Article

Analysis of the reactivity and selectivity of fullerene dimerization reactions at the atomic level.

Nanotube Research Centre, National Institute of Advanced Industrial Science and Technology, Tsukuba 305-8565 Japan.
Nature Chemistry (Impact Factor: 21.76). 02/2010; 2(2):117-24. DOI: 10.1038/nchem.482
Source: PubMed

ABSTRACT High-resolution transmission electron microscopy has proved useful for its ability to provide time-resolved images of small molecules and their movements. One of the next challenges in this area is to visualize chemical reactions by monitoring time-dependent changes in the atomic positions of reacting molecules. Such images may provide information that is not available with other experimental methods. Here we report a study on bimolecular reactions of fullerene and metallofullerene molecules inside carbon nanotubes as a function of electron dose. Images of how the fullerenes move during the dimerization process reveal the specific orientations in which two molecules interact, as well as how bond reorganization occurs after their initial contact. Studies on the concentration, specimen temperature, effect of catalyst and accelerating voltage indicate that the reactions can be imaged under a variety of conditions.

0 Bookmarks
 · 
107 Views
  • [Show abstract] [Hide abstract]
    ABSTRACT: Recent advances in molecule-by-molecule transmission electron microscopy (TEM) have provided time-series structural information of individual molecules supported by nano-carbon materials, enabling researchers to trace their motions and reactions. In this paper, the chemical reactions of fullerenes and metallofullerene derivatives, focusing on their deformation process, are reviewed and discussed based on the single-molecule-resolved TEM analysis.
    Dalton Transactions 03/2014; · 4.10 Impact Factor
  • Source
    [Show abstract] [Hide abstract]
    ABSTRACT: In this article we probe the nature of electronic interactions between the components of hybrid C60-carbon nanotube structures. Utilizing an aromatic mediator we selectively attach C60 molecules to carbon nanotube field-effect transistor devices. Structural characterization via atomic force and transmission electron microscopy confirm the selectivity of this attachment. Charge transfer from the carbon nanotube to the C60 molecules is evidenced by a blue shift of the Raman G(+) peak position and increased threshold voltage of the transistor transfer characteristics. We estimate this charge transfer to increase the device density of holes per unit length by up to 0.85 nm(-1) and demonstrate further optically enhanced charge transfer which increases the hole density by an additional 0.16 nm(-1).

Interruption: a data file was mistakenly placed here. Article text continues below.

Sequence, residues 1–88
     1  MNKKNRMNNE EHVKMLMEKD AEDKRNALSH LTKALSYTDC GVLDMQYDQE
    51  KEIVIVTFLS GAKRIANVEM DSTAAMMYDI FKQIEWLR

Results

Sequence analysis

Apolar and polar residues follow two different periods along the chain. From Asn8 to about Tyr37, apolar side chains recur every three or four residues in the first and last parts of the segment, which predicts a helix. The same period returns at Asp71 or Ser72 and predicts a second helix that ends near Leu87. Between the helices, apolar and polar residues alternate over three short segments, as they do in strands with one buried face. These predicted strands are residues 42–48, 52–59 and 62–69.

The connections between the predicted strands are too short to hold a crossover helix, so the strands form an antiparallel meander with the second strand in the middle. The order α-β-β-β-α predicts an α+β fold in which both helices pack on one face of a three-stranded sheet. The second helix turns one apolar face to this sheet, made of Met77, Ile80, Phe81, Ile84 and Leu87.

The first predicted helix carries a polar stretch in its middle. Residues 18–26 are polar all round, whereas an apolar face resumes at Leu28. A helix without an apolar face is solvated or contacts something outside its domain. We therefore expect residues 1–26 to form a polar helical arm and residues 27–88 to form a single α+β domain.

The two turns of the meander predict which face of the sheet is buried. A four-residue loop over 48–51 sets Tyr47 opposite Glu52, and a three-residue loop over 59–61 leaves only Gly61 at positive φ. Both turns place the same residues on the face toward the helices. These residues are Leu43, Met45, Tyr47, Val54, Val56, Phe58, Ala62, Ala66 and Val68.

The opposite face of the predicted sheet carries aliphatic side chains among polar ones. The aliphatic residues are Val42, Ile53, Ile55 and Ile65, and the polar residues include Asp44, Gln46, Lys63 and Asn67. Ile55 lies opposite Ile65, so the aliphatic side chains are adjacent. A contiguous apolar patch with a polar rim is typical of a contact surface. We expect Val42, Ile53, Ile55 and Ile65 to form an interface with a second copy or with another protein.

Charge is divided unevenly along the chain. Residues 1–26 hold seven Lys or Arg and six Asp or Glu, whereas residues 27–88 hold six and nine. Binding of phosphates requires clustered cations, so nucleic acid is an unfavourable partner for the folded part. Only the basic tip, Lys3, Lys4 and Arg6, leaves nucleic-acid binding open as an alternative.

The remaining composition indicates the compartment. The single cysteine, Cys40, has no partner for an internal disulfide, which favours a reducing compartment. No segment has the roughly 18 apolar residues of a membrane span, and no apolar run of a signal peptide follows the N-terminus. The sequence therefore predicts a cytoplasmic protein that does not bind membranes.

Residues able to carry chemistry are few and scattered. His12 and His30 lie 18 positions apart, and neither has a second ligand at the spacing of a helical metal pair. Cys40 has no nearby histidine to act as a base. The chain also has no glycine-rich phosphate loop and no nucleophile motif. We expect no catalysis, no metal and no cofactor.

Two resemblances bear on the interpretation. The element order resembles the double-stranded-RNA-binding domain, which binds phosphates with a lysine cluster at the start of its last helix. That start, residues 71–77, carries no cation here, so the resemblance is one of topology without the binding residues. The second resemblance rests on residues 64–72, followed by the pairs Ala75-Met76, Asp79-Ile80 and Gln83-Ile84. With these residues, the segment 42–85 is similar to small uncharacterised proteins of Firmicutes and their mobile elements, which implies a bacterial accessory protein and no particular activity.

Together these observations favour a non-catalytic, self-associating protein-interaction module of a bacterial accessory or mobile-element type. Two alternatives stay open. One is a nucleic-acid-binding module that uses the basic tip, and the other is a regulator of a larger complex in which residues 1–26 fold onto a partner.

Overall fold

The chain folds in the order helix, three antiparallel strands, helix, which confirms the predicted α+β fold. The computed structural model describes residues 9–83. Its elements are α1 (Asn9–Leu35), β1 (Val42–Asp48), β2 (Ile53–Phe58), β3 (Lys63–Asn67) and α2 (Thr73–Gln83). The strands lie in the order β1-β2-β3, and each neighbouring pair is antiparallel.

Nanoscale 11/2013; · 6.73 Impact Factor
  • [Show abstract] [Hide abstract]
    ABSTRACT: Three different types of carbon nanoreactors, double-walled nanotubes (DWNT), multi-walled nanotubes (MWNT) and graphitised carbon nanofibers (GNF) have been appraised for the first time as containers for the reactions of phenylacetylene hydrosilylation catalysed by a confined molecular catalyst [Rh4(CO)12]. Interactions of [Rh4(CO)12] with carbon nanoreactors determining the ratio of β-addition products are unchanged for all nanoreactors and are virtually unaffected by the confinement of [Rh4(CO)12] inside carbon nanostructures. Conversely, the relative concentrations of reactants affecting the ratio of addition and dehydrogenative silylation products is very sensitive to nanoscale confinement, with all nanoreactors demonstrating significant effects on the distribution of reaction products as compared to control experiments with the catalyst in bulk solution or adsorbed on the outer surface of nanoreactors. Surprisingly, the widest nanoreactors (GNF) change the reaction pathway most significantly, which is attributed to the graphitic step-edges inside GNF providing effective anchoring points for the catalyst and creating local environments with greatly altered concentrations of reactants as compared to bulk solution. Possessing diameters significantly wider than molecules, GNF impose no restrictions on the transfer of reactants while providing the strongest confinement effects for the reaction. Furthermore, GNF facilitate the effective recyclability of the catalyst and thus represents a superior nanoreactor system to carbon nanotubes.
    Small 05/2014; · 7.82 Impact Factor

Full-text

Download
1 Download
Available from